Many people will have lived in or had family connections with the parish, perhaps were baptised or married at All Saints or have relatives buried there, visited the church on occasions or just admired it from afar. The church with its magnificent spire, stands on high ground amongst fields to the north east of the A19 and paints a delightful picture of the English countryside for those travelling past.
There has been a church at Thirkleby for at least 900 years. The present Grade II* listed building was commissioned by Lady Louisa Frankland-Russell of Thirkleby Hall in memory of her late husband Sir Robert and was built by the renown ‘rogue’ architect E B Lamb in 1851 and as such is of significant historic interest.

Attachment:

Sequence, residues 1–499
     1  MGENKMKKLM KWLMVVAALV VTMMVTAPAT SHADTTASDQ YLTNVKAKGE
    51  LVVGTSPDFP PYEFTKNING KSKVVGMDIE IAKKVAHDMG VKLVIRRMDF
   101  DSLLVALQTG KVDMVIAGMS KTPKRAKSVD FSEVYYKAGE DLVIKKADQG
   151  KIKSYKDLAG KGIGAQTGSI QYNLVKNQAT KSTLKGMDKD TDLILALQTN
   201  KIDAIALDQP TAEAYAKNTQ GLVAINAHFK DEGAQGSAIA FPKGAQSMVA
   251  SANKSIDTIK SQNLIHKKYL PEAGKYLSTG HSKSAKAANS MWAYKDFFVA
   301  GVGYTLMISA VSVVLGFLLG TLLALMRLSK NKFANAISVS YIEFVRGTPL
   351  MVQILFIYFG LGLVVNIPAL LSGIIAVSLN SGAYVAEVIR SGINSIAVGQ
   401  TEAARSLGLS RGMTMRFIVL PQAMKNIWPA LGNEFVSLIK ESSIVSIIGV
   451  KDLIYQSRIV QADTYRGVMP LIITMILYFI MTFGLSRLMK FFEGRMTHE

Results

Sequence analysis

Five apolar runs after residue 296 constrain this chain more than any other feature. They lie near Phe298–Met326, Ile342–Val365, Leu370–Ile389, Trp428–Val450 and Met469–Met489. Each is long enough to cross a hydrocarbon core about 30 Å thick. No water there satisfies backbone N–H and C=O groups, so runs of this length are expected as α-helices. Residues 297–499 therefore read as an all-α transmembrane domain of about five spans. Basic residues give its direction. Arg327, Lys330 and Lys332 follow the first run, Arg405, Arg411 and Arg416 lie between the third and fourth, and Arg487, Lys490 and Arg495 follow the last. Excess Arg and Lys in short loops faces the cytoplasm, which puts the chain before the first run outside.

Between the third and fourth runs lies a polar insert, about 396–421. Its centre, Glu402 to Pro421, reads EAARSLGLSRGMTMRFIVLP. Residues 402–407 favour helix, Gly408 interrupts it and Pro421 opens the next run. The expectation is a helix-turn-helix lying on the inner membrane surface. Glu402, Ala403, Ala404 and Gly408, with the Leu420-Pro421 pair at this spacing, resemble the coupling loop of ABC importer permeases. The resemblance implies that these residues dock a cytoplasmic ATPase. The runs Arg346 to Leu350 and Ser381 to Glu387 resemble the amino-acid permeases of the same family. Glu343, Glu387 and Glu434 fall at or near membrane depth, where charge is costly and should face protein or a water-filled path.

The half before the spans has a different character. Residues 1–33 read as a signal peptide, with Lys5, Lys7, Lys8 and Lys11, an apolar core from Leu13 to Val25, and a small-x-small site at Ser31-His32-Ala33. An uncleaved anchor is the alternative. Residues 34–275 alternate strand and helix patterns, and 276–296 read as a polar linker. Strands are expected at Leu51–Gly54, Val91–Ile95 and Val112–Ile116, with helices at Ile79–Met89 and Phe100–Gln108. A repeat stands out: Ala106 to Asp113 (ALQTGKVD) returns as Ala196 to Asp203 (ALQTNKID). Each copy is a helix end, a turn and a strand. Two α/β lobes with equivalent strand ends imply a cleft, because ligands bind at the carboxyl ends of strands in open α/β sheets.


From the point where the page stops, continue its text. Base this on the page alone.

The Quinquennial Report of 2018 flagged up the need for substantial repairs to the roof, stonework, glazing and (estimated to be approximately £140,000 in total). We are a very small Parochial Church Council (5 members) and we felt we needed to consult with the community to obtain support to develop a plan to take things forward to the best advantage for all. After several virtual meetings (due to Coronavirus restrictions) it was concluded that there is support for All Saints Church in the community, and as a result a new ‘friends of’ type group has been formed. Please see the All Saints Together page of this website.
During 2020/21 the PCC were very grateful to secure grant funding for much of the essential roof and rainwater goods repairs work and this was completed in November 2021. We are now awaiting updated quotes for the stonework and glazing work.